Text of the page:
High Court rules BBC cannot change pension to cut future benefits

High Court BBC pension The High Court has ruled that the British Broadcasting Corporation (BBC) cannot modify its £19.8 billion pension to cut future benefits for plan members but can make other changes without employees’ consent.

The case explored the treatment of future service benefits under the BBC pension scheme, which provides retirement benefits on a defined benefit (DB) basis for BBC employees who joined before 1 December 2010. There are four DB structures under the scheme, with the old benefits and new benefits categories of membership providing traditional 1/60th final salary benefits. Meanwhile, the remaining two career average benefit categories provide average salary benefits.

The BBC’s claim that a rule in the pension trust deed that forbids alterations that adversely affect its members’ interests was rejected, and found to only apply to already accrued benefits.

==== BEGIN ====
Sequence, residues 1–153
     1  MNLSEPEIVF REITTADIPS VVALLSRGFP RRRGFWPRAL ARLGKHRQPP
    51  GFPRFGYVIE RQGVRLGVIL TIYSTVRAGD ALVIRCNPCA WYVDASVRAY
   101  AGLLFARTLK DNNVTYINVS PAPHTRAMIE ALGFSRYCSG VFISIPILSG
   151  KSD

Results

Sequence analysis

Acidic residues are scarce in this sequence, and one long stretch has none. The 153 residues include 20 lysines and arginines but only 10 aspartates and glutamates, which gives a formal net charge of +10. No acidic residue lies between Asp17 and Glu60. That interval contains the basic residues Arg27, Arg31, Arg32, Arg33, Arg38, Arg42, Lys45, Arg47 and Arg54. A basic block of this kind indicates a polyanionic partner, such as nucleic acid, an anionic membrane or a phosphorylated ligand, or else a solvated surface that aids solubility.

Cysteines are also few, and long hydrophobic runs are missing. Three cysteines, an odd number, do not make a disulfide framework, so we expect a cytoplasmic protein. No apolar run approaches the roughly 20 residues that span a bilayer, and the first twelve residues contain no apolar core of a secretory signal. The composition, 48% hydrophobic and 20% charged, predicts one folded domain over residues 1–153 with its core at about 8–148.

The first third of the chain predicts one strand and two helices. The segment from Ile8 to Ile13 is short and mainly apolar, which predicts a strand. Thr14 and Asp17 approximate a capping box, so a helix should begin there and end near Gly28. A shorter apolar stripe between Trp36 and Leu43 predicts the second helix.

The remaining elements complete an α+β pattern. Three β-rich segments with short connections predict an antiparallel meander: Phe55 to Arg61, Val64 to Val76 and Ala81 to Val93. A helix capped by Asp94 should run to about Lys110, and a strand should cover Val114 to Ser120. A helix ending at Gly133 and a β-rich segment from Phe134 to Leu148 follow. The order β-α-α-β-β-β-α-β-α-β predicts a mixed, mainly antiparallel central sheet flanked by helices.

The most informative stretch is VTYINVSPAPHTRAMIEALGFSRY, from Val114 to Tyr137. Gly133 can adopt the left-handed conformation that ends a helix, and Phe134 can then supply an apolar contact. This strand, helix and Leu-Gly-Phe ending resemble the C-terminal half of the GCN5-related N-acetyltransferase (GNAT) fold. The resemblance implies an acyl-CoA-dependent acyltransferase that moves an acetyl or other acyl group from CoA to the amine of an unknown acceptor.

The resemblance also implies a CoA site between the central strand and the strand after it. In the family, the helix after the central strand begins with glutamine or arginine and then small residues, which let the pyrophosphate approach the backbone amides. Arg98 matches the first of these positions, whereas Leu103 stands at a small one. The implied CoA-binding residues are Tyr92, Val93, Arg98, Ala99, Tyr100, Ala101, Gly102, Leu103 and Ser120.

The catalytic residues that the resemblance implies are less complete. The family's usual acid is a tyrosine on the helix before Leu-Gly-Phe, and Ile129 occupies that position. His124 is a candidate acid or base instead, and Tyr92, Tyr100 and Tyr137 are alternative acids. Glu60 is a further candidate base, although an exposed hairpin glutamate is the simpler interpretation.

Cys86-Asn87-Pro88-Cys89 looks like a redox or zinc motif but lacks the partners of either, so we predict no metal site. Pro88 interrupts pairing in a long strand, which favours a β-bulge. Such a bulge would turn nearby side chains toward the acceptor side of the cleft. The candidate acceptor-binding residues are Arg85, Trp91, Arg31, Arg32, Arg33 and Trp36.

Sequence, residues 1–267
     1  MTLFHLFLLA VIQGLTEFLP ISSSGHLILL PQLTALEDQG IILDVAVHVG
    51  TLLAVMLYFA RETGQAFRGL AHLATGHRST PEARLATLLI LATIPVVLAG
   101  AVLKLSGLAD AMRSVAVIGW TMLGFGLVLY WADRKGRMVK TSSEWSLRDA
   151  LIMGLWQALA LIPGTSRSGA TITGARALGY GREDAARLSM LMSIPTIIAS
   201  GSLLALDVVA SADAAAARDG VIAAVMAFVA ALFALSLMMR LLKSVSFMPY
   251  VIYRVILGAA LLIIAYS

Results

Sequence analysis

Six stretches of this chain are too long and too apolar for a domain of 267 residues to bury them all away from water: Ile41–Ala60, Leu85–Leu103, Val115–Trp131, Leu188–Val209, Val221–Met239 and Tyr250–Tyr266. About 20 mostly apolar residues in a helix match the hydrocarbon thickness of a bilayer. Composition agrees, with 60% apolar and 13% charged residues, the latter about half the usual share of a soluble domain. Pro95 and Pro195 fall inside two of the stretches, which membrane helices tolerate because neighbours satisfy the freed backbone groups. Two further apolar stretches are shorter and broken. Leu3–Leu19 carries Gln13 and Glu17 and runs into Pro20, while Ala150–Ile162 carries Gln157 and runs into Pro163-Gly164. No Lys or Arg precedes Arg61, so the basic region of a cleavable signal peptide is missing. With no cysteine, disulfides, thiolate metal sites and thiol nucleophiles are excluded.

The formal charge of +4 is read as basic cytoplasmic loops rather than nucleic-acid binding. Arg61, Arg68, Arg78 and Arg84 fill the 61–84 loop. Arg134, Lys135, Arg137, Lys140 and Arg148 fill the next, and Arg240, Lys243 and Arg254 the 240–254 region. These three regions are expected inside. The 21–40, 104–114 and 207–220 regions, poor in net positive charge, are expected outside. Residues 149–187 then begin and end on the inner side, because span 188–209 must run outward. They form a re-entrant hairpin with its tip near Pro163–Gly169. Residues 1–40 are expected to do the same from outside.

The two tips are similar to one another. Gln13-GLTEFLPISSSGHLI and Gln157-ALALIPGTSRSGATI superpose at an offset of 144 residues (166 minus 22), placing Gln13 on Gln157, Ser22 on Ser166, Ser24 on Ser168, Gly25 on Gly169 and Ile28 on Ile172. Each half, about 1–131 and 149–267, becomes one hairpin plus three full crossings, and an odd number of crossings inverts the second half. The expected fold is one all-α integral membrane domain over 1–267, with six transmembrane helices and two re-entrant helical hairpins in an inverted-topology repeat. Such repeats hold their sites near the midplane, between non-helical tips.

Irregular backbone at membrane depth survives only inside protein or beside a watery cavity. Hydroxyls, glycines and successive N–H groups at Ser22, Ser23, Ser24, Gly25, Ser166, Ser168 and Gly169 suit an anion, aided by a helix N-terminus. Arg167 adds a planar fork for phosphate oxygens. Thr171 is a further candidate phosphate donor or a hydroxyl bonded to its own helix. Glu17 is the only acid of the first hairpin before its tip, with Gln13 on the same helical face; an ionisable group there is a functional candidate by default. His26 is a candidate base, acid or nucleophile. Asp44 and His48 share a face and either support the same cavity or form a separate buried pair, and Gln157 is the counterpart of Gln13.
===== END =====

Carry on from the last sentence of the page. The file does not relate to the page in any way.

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Justice Adam Johnson said: “As well as a hope of accruing future benefits, an active member also has a present right not to be subject to any change in the terms of the deed or rules which affects his position, otherwise than subject to the procedures contained in, and protections afforded by, the third Proviso. Those procedures and protections are designed precisely to ensure that such terms are not amended in a manner which affects him, unless the actuary confirms he is not substantially worse off as a result, or he is provided with suitable alternative benefits, or the active members as a group agree.”

Kris Weber, legal director at Arc Pensions Law, added: “This is a good result for the lucky few current employees who are active members of the BBC’s final salary pension scheme. Wording in the scheme limits the employer’s ability to stop paying a 42% contribution rate, compared to the 7 or 8% the BBC pays for more recent hires. The rules can’t be amended if it would substantially prejudice the interests of members. The High Court said that ending future accrual would breach that protection. The BBC will now have to decide whether to appeal.”